How to Develop a Digital Asset Strategy visual

How to Develop a Digital Asset Strategy

by Chris Ransick


Managing digital assets is like building a house. Without a strong foundation and an effective plan, the house will crumble. A digital asset management strategy is that plan; it provides the structure and stability needed to ensure that all of your digital assets are organized, accessible, and secure.

With a well-thought-out strategy in place, you can maximize your investment, improve productivity, and let your creative teams focus on their work instead of wasting time searching for assets. Without one, your digital assets are at risk of crumbling under the pressure of increasing demands and ever-changing technology.

But where do you start?

Plan Your Digital Asset Management solution

Ultimately, a digital asset management solution is supposed to help you save time and money while achieving greater organizational efficiency, but a successful DAM strategy must be tailored to the needs of your organization.

As you start the process, you will want to pay particular attention to the types of digital assets your organization has, who needs access to them (who are the asset creators, who are the asset users), and how those assets will be used. You need to get down to specifics.

Now, think about the desired results.

Sit down with the people most directly affected. Ask them to answer questions like, "What do I think a digital asset management solution should do for me?" and get them to map out the ways they currently handle their workflows.

The goal is to start to identify the use cases that will constitute a win for your digital asset management strategy. What would the beautifully designed, sturdy house you want to build look like for you?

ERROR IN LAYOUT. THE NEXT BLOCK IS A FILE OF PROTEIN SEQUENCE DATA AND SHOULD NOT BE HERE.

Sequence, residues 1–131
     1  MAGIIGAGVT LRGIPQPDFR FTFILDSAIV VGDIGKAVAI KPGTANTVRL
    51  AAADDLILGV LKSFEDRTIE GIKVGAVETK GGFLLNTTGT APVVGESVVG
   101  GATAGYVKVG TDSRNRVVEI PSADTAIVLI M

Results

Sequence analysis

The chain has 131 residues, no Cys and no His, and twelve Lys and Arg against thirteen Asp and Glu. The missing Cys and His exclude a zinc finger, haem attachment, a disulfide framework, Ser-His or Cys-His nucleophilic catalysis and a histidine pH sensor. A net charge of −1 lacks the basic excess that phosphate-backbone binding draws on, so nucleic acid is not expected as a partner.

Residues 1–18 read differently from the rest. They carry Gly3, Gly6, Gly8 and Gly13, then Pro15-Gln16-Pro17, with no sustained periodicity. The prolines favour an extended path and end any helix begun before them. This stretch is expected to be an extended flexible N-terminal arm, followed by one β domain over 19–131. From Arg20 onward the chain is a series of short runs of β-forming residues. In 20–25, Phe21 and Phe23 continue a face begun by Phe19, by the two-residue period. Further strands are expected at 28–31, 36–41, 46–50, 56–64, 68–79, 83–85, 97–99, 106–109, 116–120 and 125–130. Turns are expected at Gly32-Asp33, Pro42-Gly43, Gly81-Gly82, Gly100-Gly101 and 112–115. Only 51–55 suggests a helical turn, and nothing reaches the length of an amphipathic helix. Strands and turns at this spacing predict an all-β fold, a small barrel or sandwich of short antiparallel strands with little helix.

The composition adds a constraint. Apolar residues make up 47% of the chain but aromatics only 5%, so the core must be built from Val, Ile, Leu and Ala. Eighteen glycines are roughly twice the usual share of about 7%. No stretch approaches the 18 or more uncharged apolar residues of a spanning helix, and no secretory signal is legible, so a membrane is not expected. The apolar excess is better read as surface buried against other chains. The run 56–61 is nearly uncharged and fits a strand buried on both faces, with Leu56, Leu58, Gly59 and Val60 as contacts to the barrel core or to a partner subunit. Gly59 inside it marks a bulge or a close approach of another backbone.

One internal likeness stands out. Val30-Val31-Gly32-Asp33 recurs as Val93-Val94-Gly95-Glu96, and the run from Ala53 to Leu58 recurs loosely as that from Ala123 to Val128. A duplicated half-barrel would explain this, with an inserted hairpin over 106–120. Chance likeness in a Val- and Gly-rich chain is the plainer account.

Spend the time and resources to gather the information. Write down the characteristics.

Assess your current digital media assets

Now that you have some idea of who is going to be using the solution and what it needs to accomplish, you can go back again to the beginning and ask yourself, "What do we already have to work with?"

The answer here is never going to be "nothing.

"You already have digital assets. And this isn't just images, copy, and videos.

You have employees. They are assets. They already have workflows and processes in place - even if those were evolved organically and in a patchwork fashion. These are assets. Management already has a mindset, or seven, and these are assets too.

All these assets are your foundation. It will need grading and leveling, utilities will need to be laid in. It will make sense to keep some of the existing materials. Some will have to be retrofitted, and some will have to be taken to the landfill. But until you know what you have, you can't begin to build the house.

Create a plan for managing digital media assets

Now that you have an inventory of your assets, it's time to create a plan for managing them. This plan should include workflows for creating, storing, sharing, and disposing of digital media assets.

It should also include procedures for authorizing access to those assets and tracking changes to their ownership.

Don't forget in this stage to consider your plans for disaster recovery and data backup. After all, if your house falls down, you want to be able to rebuild it quickly and without any loss of data.

Create the governance framework for digital media assets

So, you’ve got a plan for keeping track of your digital media assets. It's time to develop a governance framework to support it. This framework is different from the workflows and should include taxonomy, policies, and procedures for creating, storing, sharing, and tracking changes to those assets along with the archiving of them at the end of their lifecycle.

The governance framework should also include legal policies for authorizing access to those assets, tracking changes to their ownership, and repercussions for violating guidelines. Include where on the organization chart responsibility for managing the assets rests and the upline chain of command for making sure everything is run according to the established governance framework.